Written by Ella White
Part of welcoming a new dog to the family is research: from the care they need to how long they’ll live. So, the life expectancy of a Shiba Inu is probably one of the first things you’ll want to know if you’re considering becoming an owner of this fluffy Japanese breed.
In this blog we’ll look at the average lifespan of a Shiba Inu, any genetic diseases that might affect their life expectancy, and how you can help them live the healthiest life and possibly even extend how long your Shiba Inu will live.
Shiba Inus are a spitz breed that originated in Japan as far back as 7 AD – making them one of the oldest domesticated dog breeds in the world.
Originally bred for hunting, Shiba Inus are smaller than other, similar Japanese dog breeds, like the Akita Inu, the Hokkaido Ken and the Kai Ken. In fact, in Japanese Shiba Inu translates to ‘small dog,’ as it's the smallest of six breeds native to the country.
Thanks to their ancient heritage, Shiba Inus are hardy, adaptable, and less susceptible to genetic diseases thanks to a long history of natural breeding. While they’re alert, loyal, confident, they also have a strong prey-hunting instinct that can make them tough to train and disposed to escape attempts.
Their double-thick coat, pointed ears, and curled tail give them a fox-like look that’s made them popular on the internet among fans of cute animal videos. But don’t let their sweet appearance fool you: the fluffy Shiba Inu’s confidence and intelligence means they’re not well suited to first-time owners with no experience training dogs, or families with small children that might pique the dog’s impatient side.
A healthy Shiba Inu can be expected to live for 12 to 15 years. Medium-sized dogs with few genetic predispositions and general good health can live a fairly long life. But, like any pet, how long your dog lives can be affected by their quality of life and the level of care and attention given to them by their owners.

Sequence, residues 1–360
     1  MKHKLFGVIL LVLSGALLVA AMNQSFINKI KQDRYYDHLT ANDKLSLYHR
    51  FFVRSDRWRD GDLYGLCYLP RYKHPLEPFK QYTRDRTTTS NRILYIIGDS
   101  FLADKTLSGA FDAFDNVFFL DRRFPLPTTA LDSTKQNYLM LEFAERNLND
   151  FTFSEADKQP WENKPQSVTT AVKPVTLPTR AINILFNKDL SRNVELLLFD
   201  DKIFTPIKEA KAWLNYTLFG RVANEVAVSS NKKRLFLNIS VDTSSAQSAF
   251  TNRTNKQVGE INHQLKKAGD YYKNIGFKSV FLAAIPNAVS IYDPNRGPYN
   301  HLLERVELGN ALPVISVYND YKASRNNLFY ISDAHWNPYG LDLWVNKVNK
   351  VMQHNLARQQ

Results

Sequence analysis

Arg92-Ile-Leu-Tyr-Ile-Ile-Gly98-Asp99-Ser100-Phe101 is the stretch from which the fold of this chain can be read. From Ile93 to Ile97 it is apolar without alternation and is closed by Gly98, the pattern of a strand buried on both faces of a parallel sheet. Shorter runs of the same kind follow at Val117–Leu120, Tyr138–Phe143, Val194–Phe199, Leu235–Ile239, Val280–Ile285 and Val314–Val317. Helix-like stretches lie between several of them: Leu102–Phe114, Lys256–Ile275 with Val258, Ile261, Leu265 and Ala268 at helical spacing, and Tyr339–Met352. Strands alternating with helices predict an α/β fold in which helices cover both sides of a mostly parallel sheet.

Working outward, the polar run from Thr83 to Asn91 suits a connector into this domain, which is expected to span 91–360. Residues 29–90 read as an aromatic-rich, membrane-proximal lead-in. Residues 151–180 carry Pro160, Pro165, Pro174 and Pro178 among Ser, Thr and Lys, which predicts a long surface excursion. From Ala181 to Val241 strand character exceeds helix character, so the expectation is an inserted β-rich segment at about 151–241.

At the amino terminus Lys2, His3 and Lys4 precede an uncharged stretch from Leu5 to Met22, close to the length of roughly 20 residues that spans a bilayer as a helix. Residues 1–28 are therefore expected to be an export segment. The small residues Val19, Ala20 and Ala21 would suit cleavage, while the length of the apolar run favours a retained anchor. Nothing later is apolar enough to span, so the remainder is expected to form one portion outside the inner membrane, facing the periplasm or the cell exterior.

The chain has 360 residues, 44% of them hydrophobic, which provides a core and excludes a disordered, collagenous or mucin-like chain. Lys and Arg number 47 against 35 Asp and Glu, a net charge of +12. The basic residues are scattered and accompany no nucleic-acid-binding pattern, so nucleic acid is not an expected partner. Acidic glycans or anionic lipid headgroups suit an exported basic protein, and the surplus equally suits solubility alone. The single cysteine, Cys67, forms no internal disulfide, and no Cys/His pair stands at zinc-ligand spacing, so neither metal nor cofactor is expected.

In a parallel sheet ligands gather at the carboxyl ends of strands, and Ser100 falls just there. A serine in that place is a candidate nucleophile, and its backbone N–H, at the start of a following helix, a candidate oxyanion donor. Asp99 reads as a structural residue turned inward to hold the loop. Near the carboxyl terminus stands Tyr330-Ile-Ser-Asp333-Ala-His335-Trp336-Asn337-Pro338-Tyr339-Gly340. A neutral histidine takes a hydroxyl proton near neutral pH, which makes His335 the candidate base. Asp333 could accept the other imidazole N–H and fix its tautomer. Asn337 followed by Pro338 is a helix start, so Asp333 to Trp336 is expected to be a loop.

To help increase their lifespan, owners should have their dog spayed or neutered to help prevent reproductive illnesses and some cancers. Rigorous training will help them stay safe and mentally healthy, while good nutrition and plenty of exercise will promote their overall wellbeing.
Like all dogs, Shiba Inus should be taken for regular check ups at the vet, and can be checked for known genetic diseases so that precautionary measures can be put in place or treatment can be administered.
Though healthy, strong, and generally unaffected by modern, purposeful breeding practices, the Shiba Inu is still susceptible to some less serious health issues. Regular visits to the vet will mean you always know whether your Shiba is at risk or already suffering from one of their more common genetic conditions.
Though unlikely to affect the lifespan in most cases, this breed is as susceptible to flea, food, and environmental allergies as other breeds. Allergies can impact the quality of life your dog leads, even if it doesn’t shorten it. Adding a supplement like Front of the Pack’s Soothe to your dog’s daily diet can help alleviate symptoms of allergies while boosting their immune system with healthy, natural ingredients.
Eye conditions like cataracts, glaucoma, and retinal atrophy can all affect Shiba Inus. Though unlikely to shorten their lifespan, conditions that affect their eyesight or cause discomfort in the eyes can impact their quality of life. So owners should have their dog’s eyes tested regularly, especially if they plan to have their pet join a breeding program.
Many dog breeds can be affected by hip dysplasia, including the Shiba Inu. This is usually a genetic issue inherited from one or both parents, and is caused by abnormal growth in the joint socket. This usually occurs during rapid growth periods or if your dog becomes overweight. For more information about hip dysplasia in dogs, read our blog.